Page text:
TORONTO, Canada – December 4 – cbm Canada – a world leader in serving people living with disabilities in the poorest countries of the world – announces the formation of Nia Technologies Inc. (http://niatech.org) and the appointment of Jerry P. Evans as Nia’s President and Chief Executive Officer.
Nia is a not-for-profit social enterprise that is developing and deploying 3D-printed prosthetic and orthotic solutions in the developing world (known as “3D PrintAbility”). “Nia” means “purpose” in Swahili, and Nia Technologies’ mission is to use technology for a higher purpose.
In response to the massive need for prosthetic appliances among the poorest children of the world, cbm Canada initiated a partnership with the University of Toronto and Autodesk Research. “We were looking for a way to make faster and better prosthetics in rural Africa,” says Ed Epp, Executive Director of cbm Canada. “We figured 3D printing technology could give us huge gains in efficiency. That’s how 3D PrintAbility was born.”
Epp explains, “We decided to launch Nia as a separate enterprise, because we believe that developing innovative technologies to equip hospitals in poorer countries requires the full attention of a governance board and a leadership team. And it needs the nimbleness of a dedicated entity. It’s about using technology to help more people with better services.”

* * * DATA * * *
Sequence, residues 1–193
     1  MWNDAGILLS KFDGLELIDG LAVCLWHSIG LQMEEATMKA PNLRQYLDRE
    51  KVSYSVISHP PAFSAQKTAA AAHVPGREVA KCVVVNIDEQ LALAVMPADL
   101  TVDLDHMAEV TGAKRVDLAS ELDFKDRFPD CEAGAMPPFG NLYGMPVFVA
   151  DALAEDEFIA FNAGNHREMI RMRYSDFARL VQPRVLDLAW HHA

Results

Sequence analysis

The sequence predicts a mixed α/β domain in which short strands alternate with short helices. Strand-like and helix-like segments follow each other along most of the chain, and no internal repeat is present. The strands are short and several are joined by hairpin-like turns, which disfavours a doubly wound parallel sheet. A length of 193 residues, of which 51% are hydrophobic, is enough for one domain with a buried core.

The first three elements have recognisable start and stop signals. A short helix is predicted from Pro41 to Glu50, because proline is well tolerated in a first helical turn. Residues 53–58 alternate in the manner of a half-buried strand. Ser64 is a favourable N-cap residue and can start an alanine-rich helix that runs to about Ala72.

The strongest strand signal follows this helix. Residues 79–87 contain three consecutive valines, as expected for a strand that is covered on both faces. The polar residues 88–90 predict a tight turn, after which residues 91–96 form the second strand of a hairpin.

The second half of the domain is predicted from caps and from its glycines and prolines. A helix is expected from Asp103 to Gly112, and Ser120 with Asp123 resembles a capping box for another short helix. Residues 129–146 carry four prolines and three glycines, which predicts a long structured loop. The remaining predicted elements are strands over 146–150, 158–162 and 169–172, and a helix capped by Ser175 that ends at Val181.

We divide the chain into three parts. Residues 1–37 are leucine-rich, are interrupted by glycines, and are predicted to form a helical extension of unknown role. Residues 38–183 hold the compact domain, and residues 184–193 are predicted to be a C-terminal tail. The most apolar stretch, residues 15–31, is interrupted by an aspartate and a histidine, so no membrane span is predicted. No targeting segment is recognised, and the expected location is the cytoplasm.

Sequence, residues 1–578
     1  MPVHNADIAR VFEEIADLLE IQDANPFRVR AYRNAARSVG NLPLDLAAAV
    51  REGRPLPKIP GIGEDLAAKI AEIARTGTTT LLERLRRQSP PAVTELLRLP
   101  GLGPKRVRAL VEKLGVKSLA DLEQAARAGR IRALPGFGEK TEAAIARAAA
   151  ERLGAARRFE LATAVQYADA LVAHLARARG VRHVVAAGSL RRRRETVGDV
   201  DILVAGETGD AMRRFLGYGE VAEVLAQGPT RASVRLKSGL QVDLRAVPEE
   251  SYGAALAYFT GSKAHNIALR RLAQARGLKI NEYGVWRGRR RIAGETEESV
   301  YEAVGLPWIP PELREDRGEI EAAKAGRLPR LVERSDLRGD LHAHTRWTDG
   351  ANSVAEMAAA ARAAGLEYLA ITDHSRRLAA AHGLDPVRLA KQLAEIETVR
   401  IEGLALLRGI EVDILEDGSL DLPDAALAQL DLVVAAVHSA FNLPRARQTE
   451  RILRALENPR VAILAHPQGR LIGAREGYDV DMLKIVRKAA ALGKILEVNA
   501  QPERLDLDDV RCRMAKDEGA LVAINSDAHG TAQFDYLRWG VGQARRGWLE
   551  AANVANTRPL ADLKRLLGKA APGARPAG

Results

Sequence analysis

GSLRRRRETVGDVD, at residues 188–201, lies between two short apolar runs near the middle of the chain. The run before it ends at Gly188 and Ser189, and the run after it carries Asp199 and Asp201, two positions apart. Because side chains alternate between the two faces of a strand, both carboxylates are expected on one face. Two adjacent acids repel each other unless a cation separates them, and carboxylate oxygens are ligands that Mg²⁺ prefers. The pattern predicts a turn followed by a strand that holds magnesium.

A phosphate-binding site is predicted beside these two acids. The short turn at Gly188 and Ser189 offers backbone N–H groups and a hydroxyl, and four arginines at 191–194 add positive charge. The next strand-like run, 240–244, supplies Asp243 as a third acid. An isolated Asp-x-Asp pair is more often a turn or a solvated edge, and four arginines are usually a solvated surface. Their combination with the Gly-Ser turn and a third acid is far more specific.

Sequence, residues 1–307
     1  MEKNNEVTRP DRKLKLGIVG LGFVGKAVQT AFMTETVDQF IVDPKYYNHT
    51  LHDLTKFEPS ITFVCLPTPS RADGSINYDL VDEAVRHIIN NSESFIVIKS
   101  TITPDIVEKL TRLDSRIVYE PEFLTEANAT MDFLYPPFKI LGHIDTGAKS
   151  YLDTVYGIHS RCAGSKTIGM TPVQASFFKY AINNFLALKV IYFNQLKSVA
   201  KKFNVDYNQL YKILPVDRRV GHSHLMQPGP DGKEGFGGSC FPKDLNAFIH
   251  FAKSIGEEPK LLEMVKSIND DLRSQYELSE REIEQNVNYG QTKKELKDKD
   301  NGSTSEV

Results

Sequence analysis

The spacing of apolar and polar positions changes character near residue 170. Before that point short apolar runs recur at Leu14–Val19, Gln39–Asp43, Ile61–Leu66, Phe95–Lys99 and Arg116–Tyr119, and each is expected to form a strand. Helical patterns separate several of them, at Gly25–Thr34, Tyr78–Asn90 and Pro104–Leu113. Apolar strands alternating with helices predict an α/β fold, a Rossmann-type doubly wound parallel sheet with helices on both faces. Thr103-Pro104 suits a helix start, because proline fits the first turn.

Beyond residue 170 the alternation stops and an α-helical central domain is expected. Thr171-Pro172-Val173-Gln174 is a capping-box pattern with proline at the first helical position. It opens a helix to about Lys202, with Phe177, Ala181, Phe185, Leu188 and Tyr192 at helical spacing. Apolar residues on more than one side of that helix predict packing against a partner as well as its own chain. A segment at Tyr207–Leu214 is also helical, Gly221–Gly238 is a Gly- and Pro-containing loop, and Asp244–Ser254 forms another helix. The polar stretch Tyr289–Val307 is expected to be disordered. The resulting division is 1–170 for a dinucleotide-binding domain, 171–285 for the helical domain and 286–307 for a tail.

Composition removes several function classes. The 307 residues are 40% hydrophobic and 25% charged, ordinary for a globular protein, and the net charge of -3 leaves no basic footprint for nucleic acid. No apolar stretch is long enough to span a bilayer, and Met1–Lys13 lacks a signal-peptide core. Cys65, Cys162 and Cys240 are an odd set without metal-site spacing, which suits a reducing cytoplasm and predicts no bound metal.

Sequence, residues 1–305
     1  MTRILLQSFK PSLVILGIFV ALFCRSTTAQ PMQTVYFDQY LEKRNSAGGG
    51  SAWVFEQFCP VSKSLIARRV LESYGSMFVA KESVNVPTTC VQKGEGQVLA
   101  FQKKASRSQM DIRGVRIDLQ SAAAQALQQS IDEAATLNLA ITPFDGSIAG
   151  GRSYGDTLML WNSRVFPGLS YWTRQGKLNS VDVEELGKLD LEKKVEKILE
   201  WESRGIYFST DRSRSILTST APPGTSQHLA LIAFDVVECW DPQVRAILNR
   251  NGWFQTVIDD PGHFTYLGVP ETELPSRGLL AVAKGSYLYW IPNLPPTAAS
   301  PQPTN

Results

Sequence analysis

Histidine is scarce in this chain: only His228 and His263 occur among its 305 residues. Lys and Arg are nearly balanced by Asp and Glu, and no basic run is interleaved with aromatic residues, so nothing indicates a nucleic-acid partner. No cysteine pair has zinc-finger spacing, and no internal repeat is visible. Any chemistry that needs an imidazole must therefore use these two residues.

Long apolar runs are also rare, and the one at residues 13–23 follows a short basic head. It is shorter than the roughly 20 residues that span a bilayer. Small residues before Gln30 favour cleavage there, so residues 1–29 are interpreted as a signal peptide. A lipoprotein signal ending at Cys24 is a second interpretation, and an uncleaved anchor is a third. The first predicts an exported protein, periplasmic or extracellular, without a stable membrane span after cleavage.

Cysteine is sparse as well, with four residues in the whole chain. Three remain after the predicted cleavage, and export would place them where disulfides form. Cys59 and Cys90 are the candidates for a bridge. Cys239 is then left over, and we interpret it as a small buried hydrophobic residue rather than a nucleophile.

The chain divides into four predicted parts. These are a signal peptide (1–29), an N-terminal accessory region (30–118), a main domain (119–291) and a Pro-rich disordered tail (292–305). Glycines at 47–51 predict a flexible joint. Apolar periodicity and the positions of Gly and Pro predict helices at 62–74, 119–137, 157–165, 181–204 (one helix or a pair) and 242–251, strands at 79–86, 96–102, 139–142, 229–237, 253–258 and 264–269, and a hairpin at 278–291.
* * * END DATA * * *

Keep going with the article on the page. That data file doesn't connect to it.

Nia has conducted clinical evaluations at CoRSU hospital in Uganda and anticipates additional clinical trials elsewhere to ensure that its prosthetic and orthotic solutions are safe, effective and efficiently built from durable, high-quality materials.
Evans reports, “Roseline, a four-year-old Ugandan girl, was Nia’s first patient. She was born without a right foot. Roseline now wears a 3D-printed prosthetic socket manufactured using Nia’s 3D PrintAbility solution. Roseline can walk, run and play alongside other children for the first time in her life.”
In addition to providing prosthetic sockets, Nia is planning to extend its clinical trials and product offerings to include ankle-foot orthoses (AFOs), for which there is considerable need in the developing world.
The World Health Organization estimates that there is a global shortage of 40,000 trained prosthetists, and there are millions of children in desperate need of prosthetic and orthotic assistance. Evans states, “Nia’s 3D PrintAbility materially increases the productivity of today’s prosthetists, enabling them to reach more children facing daily challenges of poverty and disability, which all too often co-exist in the developing world.”